THE ANSWER WITHIN: “We love breakthrough stuff,” says Ninja (right, with Yo-Landi Visser), “and the best way to have a breakthrough is to break through your own mind.”
Some artists figure out their signature style through a slow organic process. For others, inspiration is a bolt from the blue. The latter was definitely the case for Watkin Tudor Jones, a/k/a Ninja. When he and Yo-Landi Visser came up with the jarring style and æsthetic that would become South African rap sensation Die Antwoord, it was, in Ninja's words, "like getting punched in the face. You know how if you're getting punched in the face, it's pretty fucking obvious that you're getting punched in the face? We got punched in the face."
It was a metaphorical beating that Ninja and company have been passing on to the music-listening public ever since. The face punch was his and Visser's discovery of zef, a Cape Flats gangster culture that mixes English and Afrikaans. The result was Die Antwoord ("the answer" in Afrikaans), a strange mix of rave and pop music with a hardcore rapping style that goes into grotesque places where few contemporary rappers will dare tread. Jones, post–face punch, became Ninja, and he and Yo-Landi have been on a mission ever since.
"The weird thing about zef," he explains over the phone, "is that it's this kind of apocalyptic style that's all about this information overload. The zef zone is this wasteland of fucking debris and whatnot. Like, you have a little kid in a South African ghetto rocking, like, a 50 Cent T-shirt. That, to me, is zef. It's all this shit at the bottom of the barrel. For me and Yo-Landi, we stuck all that shit together and turned it into a fucking machine. You know, a mech, like in manga, Japanese comics? We took all that apocalyptic debris and gave it its own style and built a machine with all that debris and climbed into it, and it's called Die Antwoord. And it's fucking indestructible."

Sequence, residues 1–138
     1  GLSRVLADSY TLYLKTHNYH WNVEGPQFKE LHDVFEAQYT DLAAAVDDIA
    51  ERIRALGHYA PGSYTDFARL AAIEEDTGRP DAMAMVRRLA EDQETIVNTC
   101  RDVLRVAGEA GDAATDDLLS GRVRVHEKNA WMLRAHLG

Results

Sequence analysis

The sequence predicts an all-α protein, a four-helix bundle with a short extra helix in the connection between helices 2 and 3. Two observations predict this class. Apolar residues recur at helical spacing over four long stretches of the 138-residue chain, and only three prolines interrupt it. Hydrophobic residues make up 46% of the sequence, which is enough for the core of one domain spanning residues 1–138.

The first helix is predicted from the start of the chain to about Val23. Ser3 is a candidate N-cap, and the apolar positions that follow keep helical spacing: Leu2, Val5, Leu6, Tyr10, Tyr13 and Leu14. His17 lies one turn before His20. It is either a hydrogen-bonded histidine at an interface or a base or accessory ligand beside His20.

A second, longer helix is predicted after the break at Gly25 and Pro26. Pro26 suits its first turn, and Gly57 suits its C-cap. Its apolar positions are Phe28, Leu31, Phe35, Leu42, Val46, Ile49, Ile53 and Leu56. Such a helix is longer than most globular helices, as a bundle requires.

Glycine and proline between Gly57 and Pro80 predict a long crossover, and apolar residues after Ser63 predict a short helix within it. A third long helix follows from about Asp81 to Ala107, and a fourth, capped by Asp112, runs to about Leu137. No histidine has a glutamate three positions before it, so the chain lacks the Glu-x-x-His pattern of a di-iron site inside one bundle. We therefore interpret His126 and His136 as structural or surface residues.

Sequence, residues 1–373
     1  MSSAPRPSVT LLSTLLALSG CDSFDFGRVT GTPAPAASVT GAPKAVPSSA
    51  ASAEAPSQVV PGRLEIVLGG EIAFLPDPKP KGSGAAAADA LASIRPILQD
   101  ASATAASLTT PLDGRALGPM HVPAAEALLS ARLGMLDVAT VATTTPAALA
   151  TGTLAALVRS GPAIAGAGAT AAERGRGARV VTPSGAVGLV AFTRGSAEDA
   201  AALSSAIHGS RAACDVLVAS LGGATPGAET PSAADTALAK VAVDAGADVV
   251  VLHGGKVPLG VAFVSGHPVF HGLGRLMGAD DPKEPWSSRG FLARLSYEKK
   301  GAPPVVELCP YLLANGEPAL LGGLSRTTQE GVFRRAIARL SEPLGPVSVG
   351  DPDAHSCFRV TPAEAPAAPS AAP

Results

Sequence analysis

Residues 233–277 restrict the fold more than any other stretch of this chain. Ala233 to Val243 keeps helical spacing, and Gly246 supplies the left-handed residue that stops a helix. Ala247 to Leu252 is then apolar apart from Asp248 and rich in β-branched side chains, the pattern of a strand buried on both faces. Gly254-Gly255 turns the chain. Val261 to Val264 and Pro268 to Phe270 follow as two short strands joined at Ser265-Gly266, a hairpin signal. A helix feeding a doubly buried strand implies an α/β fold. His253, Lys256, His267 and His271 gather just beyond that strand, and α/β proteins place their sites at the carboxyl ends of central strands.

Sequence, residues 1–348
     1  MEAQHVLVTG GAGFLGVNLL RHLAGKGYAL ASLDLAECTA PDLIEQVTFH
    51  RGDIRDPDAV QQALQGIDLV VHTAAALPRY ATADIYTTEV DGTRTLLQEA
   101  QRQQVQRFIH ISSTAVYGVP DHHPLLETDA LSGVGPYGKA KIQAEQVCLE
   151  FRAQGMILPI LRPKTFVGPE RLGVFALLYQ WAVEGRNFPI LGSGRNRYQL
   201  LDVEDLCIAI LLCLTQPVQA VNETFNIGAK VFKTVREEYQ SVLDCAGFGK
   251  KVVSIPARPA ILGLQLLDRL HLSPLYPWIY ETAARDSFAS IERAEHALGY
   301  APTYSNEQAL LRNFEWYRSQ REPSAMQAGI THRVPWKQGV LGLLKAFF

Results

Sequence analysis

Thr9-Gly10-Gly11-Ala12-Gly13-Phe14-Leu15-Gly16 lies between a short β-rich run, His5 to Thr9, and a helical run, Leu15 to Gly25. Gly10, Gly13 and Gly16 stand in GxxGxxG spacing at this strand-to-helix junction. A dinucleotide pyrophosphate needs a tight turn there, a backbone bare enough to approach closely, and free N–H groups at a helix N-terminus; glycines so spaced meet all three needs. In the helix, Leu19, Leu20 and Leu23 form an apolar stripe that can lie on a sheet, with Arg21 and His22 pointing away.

So far, that has proved true: since breaking internationally in early 2009 with an album for free download and a series of music videos, Die Antwoord have been overloading web servers with demand for their bizarre music. $O$ (Interscope), their debut album and the object of a frantic major-label bidding war, hits stores this week. Those cracking the seal of $O$ will find themselves confronted with some of the year's strangest music, whether in the Diplo-assisted brutal grooves of new single "Evil Boy" or the nearly 10-minute beatbox phantasmogoria of "Beat Boy."
Blood, body parts, sexual organs, and strange fantasies all populate their lyrical world. "A lot of our music is subconsciously driven," says Ninja. "We love breakthrough stuff, and the best way to have a breakthrough is to break through your own mind. It's exciting, it's scary, it's thrilling. And it's not gross, to me, it's amazing and really cool to discover new places, even in your own mind. True surreality is embedded in your subconscious, issues, fears, undiscovered territory. All our music is hugely personal."